Saturday was the day the kids have had circled on their calendar for a few weeks now. Our youngest (Princess 2.0) has been reminding me for days that she could not wait until Saturday. No sooner had we put all of the Thanksgiving and fall decorations in our storage space, the Christmas decorations came out and began to go up. I actually cheated a few weeks ago and hung the outside lights while the temperatures were unseasonably warm. We just haven’t turned them on until now.

With Christmas decorations come Christmas music (which I have been listening to off and on for a few weeks as well). By far, my favorite Christmas song is by the band “MercyMe” called “Joseph’s Lullaby.” From the time that the first of our three children were born, this song has rocked my world. I love how it’s written from Joseph’s perspective. The new father singing a lullaby to the One that would soon change the world. Incredible. Not just the song, but one line in particular. It gets me every single time. The line is this….

For tonight, simply be my child.

I think it rocks my socks because most parents feel that way. We have so many visions and dreams of what our children will be one day. We know early on what their bent is. Having lived as long as we have on this earth, we also know the challenges which lie ahead. We know enough to know that we don’t know many of the challenges and surprises too. As I watch them in various moments, I often think back to that simple line….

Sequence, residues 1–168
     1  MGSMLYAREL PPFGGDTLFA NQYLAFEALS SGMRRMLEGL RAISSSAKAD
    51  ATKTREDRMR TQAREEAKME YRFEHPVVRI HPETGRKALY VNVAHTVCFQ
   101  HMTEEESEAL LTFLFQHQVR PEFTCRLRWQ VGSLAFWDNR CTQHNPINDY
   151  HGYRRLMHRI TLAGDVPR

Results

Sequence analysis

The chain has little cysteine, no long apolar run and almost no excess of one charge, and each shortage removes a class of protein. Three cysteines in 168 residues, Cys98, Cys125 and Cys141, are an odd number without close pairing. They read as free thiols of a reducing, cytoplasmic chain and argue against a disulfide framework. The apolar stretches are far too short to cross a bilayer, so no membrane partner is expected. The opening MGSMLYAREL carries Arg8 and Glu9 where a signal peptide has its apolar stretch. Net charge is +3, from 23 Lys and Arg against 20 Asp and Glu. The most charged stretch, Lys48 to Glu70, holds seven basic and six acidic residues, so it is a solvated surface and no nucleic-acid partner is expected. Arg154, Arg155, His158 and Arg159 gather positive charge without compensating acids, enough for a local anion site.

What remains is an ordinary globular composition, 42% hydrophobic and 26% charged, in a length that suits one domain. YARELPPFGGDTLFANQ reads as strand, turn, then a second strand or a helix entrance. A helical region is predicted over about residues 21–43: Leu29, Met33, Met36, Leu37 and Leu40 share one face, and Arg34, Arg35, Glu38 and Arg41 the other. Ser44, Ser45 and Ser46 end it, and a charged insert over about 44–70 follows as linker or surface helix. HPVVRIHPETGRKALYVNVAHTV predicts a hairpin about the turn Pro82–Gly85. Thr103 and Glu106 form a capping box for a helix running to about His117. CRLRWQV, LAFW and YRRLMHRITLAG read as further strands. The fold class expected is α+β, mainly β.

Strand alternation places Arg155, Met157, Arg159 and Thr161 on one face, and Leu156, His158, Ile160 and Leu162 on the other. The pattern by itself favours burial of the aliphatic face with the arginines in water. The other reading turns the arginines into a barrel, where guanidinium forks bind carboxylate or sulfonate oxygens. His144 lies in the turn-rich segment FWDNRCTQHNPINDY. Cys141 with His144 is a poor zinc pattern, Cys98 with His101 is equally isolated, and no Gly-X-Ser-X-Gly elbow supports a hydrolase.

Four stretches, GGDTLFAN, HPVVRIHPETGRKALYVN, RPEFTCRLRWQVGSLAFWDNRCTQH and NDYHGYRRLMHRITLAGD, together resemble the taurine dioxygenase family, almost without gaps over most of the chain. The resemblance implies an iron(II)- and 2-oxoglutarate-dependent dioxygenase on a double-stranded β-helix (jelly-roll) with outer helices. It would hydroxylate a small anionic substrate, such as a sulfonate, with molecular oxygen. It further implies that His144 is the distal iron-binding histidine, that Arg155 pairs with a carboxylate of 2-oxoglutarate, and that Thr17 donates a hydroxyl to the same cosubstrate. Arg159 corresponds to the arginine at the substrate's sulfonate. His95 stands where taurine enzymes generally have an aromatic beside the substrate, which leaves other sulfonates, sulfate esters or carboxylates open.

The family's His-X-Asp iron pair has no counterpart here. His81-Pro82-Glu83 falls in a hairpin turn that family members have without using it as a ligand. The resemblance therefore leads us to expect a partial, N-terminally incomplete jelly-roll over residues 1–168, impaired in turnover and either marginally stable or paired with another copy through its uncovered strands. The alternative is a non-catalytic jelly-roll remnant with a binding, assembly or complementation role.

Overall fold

“Simply be my child”

Because I don’t want them to speed through these moments in their life without having memories to look back on.

Because the world and all of its challenges can wait.

Because there are plenty of things that will steal their attention and time.

Bob Goff once said:

I think a father’s job, when it’s done best, is to get down on both knees, lean over his children’s lives and whisper, ‘where do you want to go.'” (Love Does)

I think Bob was on to something there. Actually, I know he was because I talked to him on the phone once about that very thing. I was in between jobs, had severance coming in and was looking at where to go with my life. His instruction to me was to “have the kids make a list of all the places they would like to go and then go do that.” I loved that advice. I think Bob was encouraging me to invest time and moments into my children so they could simply be my children.

As we navigate the hustle and bustle of this season. Take time to make memories. Carve out moments and put the world and all it’s worries on pause. Allow your child to simply be your child.